Lastly, we needn't rely on fossil fuels. The public at large always thinks "smelly fuel = dirty". Not necessarily. We can synthesize a wide range of synthetic jet fuels already. Provided that the carbon source for that fuel is "renewable" (e.g. dissolved carbonic acid in ocean water), we could keep the venerable jet engine in place and simply source the fuel in a renewable manner. Then the fuel simply becomes a liquid chemical battery with fantastic power density and deployment flexibility.

Comment Re: It's what they say (Score 1) 112

The use of "y" at the end of a word and "i" in its place in the middle of a word was a convention by printers which made it easier to deal with the "y" descender in a stylish way.

I would not say this in many forums, but this is slashdot....

*I* find it convincing and interesting though a reference would be nice. And this is /. so it is appropriate to learn something new and slightly odd.

A pet hate of mine is faux archaic signs like "Ye olde cheese shoppe". The "ye" is just a misunderstanding AFAIK of "the" written with a slightly open, regional form of the letter thorn which vaguely looks like a "y" though it just means "th".

Comment Re:Motors in wheels as part of the package ... hmm (Score 1) 150

but on the same not do the engines actually stop spinning? I would have thought the air naturally moving through the off engine would cause it to spin too.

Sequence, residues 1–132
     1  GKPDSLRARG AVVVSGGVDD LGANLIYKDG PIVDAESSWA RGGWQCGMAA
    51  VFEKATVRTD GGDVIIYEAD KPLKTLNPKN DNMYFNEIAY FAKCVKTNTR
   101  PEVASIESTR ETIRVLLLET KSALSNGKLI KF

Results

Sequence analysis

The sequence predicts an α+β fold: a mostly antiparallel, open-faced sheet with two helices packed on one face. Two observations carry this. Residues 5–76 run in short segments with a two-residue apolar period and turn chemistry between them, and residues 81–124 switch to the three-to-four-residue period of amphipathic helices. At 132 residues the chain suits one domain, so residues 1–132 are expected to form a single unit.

Yes and no. Turbojets and turbofans as well as fixed-pitch props do free-spin in the air. However, they do so at a very low rpm, usually in single-digit percent of their rated speeds. If anything, this is more of a detriment to performance because it actually acts as a big air brake. All turboprops (as well as some of the higher performance piston props) I know are equipped with variable pitch full-feathering propellers, so they actually do come to nearly a complete stop - this helps reduce their drag and increases performance in engine-out conditions. Turbojets and turbofans do have an in-flight minimum restart rpm. This can be achieved either by flying very fast, by cross-bleeding compressed air from the compressor of the working engine, or by using an auxiliary power unit (a small turbine engine designed to start the aircraft without ground assistance and to provide power when the main engines are off or failed) to feed compressed air to the air turbine starter of the failed engine.
Regardless, irrespective if the engine's internal turbo machinery remains spinning at some small fraction of rated RPM, the hot section of the engine cools off pretty quickly, since the heat source is gone and you've got very cold air going through there (not at a very high rate, but still after a few minutes of -50C air flow, it's going to be pretty much chilled). As a further example, here you have a Boeing 747-400 APU (a >1000 shp beast) starting up and going from zero to 100% rated output power in about 30 seconds. The APU is fully automatically controlled, the crew literally just flips a knob in the cockpit and that's it (here it is, near the center of the picture).

Apparently it was the turbine of an old 737-300 with the turbofan removed so one of the mech engineers told me.